138th birth anniversary: Sir Aga Khan III: a visionary Muslim leader

November 2 marks the birth anniversary of Sir Sultan Mahomed Shah, Aga Khan III, one of the Muslim world’s most visionary and influential leaders.

A tireless advocate for Muslims on the world stage, Aga Khan III was also a champion of women’s rights, education, healthcare and social development. With a modernist view that was nevertheless deeply rooted in the concepts of Islam, he strove to help Muslims build social capital to enable both political rehabilitation and a better quality of life.

“Our social customs, our daily work, our constant efforts must be turned up, must be brought into line with the highest form of possible civilisation. At its greatest period, Islam was at the head of science, was at the head of knowledge, and was in the advanced line of political, philosophical and literary thought.” HRH Sir Aga Khan III had said. Sir Sultan Mahomed Shah himself was highly educated, with sound grounding in both Oriental and European languages and an in-depth knowledge of both Islamic and secular disciplines, including Qu’ranic studies, poetry, mathematics, astronomy and metaphysics. His views on education, elucidated at the Muslim Educational Conference in 1904 in Bombay, still resonate today:

“It would be the greatest of all our misfortunes if we now mistook instruction for education and the mere power of passing examinations for learning.”

This passion for intellectual development, particularly for Muslims in the sub-continent, translated into the campaign to build Aligarh University. After the completion of this university at Aligarh, the Aga Khan III became its first chancellor.

Sir Sultan Mohammed Shah was tireless in his fundraising efforts for the project, which he felt was pivotal for the cultural renaissance and social development of Indian Muslims, a largely disenfranchised segment of the population at large.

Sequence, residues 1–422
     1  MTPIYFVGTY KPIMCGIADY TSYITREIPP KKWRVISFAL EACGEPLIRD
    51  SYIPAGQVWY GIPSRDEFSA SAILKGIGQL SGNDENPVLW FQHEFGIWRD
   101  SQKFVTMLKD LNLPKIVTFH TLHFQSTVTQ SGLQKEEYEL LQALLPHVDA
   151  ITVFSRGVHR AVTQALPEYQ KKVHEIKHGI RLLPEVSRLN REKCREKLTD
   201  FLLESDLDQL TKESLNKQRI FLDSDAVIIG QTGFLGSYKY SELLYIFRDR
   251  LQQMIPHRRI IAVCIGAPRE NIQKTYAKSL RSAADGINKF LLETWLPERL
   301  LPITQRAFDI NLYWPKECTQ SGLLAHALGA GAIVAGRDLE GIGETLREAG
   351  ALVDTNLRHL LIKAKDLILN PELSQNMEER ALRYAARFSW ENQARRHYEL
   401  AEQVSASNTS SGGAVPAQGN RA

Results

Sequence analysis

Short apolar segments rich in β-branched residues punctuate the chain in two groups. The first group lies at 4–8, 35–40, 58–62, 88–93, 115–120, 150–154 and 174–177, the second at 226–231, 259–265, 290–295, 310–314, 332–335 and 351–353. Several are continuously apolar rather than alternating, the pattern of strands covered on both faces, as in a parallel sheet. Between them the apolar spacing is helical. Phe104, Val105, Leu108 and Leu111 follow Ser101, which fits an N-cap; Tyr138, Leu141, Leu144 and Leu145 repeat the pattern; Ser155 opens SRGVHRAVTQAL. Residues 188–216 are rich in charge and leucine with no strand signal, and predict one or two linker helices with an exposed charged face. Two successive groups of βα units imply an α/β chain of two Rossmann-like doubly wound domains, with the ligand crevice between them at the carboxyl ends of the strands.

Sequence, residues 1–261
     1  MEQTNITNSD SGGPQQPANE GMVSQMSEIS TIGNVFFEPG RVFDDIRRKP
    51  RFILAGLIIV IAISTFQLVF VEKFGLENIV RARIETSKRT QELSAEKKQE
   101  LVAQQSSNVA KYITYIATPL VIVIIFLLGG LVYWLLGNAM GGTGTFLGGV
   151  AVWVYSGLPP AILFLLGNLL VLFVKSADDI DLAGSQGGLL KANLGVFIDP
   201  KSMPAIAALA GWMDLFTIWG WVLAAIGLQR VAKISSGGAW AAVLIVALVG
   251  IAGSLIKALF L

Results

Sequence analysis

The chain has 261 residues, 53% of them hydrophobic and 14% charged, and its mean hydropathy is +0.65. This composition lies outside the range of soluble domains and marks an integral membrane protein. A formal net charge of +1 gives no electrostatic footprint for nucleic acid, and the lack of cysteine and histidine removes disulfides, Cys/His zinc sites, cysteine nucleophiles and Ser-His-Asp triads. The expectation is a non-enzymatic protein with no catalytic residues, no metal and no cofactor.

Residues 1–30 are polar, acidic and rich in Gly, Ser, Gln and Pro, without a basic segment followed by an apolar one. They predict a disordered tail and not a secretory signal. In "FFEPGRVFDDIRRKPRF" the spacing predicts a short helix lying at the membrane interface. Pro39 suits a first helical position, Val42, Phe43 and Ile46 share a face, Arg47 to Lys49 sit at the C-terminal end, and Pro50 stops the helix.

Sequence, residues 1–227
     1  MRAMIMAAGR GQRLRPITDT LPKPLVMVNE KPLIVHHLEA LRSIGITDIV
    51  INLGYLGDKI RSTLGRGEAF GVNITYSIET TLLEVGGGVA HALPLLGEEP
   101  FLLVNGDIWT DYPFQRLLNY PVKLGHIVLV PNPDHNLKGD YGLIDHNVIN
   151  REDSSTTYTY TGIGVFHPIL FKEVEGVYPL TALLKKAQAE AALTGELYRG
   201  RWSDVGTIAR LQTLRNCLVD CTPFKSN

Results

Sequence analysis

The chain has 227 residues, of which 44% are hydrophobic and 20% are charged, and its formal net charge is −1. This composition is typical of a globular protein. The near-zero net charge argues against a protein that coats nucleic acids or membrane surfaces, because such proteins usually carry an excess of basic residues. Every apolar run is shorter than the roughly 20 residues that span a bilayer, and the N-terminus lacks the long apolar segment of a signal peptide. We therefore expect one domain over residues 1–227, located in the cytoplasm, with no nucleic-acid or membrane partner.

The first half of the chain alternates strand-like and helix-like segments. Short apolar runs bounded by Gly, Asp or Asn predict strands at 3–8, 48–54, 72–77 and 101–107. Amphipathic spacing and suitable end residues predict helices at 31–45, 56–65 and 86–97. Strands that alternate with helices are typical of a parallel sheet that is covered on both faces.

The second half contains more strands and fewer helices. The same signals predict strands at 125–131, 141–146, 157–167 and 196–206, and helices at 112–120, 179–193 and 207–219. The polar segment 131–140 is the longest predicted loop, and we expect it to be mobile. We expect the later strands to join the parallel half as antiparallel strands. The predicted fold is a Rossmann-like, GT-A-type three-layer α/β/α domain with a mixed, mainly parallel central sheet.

Sir Sultan Mahomed Shah was the hereditary leader of the Shia Imami Ismaili Muslims, of who he was the 48th Imam. However, his career as a statesman focused on Muslims as a whole. He, like his contemporary Mumtaz Ali, a Muslim leader, believed that a combination of religious and secular education was essential for the revival of Muslims in India. With the advantage of western education and a familiarisation with key social tools, Muslims would be able to function and compete in the post-colonial environment.

This was not an aggressively western and secular viewpoint – it was deeply influenced by the language and directives of Islam. Sir Sultan Mahomed Shah’s programs for social reform were always grounded, articulated and legitimised within the context of Islam.

His focus on education echoed his own experience; his intellect and education enabled him to become an international diplomat of some renown. His Highness the Aga Khan III was the representative for India in the Disarmament Conference as well as in the League of Nations and in 1937 he was unanimously elected as the Chairman of League of Nations (now United Nations). It was due to his special efforts that the membership of the League of Nations was accorded to Turkey, Iraq, Afghanistan and Egypt. His example shows how a Muslim leader can work within the establishment and exercise the role of statesman.

Sir Sultan Mahomed Shah was also the head of the All India Muslim League and instrumental in the founding of Pakistan.

“At the Round Table Conference, the Muslim leadership was entrusted to His Highness the Aga Khan. He performed his duty remarkably well, and with his suavity of manners and tact, and general attitude of helpfulness kept the Muslim team solidly together-which was an invisible contrast to the many and discordant voices, which spoke from the other camp.” (Makers of Pakistan: Al Biruni, page 207)

A consummate negotiator on the world stage, Sir Sultan Mahomed Shah demonstrated both political nous and a sound grasp of international relations. Moreover, he remained committed to bettering the situation of Muslims across the globe, focusing on education and social development as a means to the alleviation of poverty and marginalisation.

A deeply intellectual man, his writings remain a source of inspiration in a world that seems far removed from that he knew. Education and social capital are as vital for Muslims today as they were 100 years ago.

Courtesy:Express Tribune